No, HVAC air filters are different in quality and measurements, and some have specs that others don't. In most situations we suggest using the filter your HVAC manufacturer says to pair with your equipment.
All filters are assigned MERV ratings, which go from 1–20. MERV is short for minimum efficiency reporting value.
A higher ranking means the filter can trap finer particles. This sounds good, but a filter that stops finer dust can become blocked more rapidly, raising pressure on your unit. If your unit isn’t created to run with this model of filter, it can lower airflow and cause other troubles.
Unless you are in a medical facility, you likely don’t have to have a MERV rating above 13. In fact, many residential HVAC equipment is specifically designed to work with a filter with a MERV ranking under 13. Sometimes you will learn that decent systems have been made to work with a MERV ranking of 8 or 11.
All filters with a MERV ranking of 5 should get many everyday nuisances, including pollen, pet dander and dust. Some filters assert they can trap mold spores, but we suggest having a professional get rid of mold instead of trying to hide the trouble with a filter.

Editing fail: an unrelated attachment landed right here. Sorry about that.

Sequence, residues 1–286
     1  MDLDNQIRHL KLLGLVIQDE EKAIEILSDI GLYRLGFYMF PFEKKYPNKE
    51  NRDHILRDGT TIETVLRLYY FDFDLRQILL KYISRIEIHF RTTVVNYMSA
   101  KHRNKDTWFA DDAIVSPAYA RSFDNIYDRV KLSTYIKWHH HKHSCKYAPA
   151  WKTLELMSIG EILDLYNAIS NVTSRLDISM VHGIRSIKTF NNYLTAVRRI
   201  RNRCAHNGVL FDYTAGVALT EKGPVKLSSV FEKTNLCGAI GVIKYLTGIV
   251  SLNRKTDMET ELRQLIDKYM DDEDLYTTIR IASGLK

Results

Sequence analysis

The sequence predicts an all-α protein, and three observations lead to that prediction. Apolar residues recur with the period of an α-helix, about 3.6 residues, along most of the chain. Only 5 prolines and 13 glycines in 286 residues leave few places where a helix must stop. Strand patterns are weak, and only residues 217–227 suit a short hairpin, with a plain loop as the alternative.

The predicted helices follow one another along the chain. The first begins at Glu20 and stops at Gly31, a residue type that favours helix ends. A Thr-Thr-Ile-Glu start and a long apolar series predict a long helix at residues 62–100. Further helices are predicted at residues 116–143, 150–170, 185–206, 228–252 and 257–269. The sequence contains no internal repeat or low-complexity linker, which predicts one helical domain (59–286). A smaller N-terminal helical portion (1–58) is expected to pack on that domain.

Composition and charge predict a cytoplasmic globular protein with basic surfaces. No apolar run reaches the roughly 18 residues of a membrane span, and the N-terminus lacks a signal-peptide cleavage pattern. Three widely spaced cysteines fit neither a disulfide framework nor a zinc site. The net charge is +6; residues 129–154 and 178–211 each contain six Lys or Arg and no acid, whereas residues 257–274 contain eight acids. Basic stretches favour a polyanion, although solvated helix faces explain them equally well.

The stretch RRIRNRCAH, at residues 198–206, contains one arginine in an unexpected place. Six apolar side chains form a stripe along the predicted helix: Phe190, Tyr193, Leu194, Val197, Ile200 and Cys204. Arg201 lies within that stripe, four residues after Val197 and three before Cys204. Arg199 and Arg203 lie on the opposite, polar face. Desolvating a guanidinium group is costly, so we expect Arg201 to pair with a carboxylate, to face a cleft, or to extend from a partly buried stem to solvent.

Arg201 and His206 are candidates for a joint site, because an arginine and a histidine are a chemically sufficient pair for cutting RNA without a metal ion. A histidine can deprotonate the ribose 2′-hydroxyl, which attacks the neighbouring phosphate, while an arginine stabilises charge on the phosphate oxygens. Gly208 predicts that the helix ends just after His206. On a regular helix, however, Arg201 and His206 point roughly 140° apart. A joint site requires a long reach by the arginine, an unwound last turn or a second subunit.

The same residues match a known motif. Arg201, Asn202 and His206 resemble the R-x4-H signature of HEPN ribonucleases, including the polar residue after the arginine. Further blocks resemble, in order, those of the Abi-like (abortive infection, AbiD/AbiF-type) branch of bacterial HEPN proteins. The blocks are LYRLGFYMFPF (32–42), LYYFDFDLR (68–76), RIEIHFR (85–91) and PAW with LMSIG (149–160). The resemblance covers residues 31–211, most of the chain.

Often the packaging demonstrates how often your filter should be replaced. From what we know, the accordion-style filters last longer, and are worth the added cost.
Filters are manufactured from varying materials, with single-use fiberglass filters being standard. Polyester and pleated filters catch more dust but may decrease your system’s airflow. Then there are HEPA (high efficiency particulate air) filters.
While you could be interested in using a HEPA filter, know that's like installing a MERV 16 filter in your comfort system. It’s extremely doubtful your unit was designed to handle that amount of resistance. If you’re troubled by indoor air quality. This product works alongside your heating and cooling system.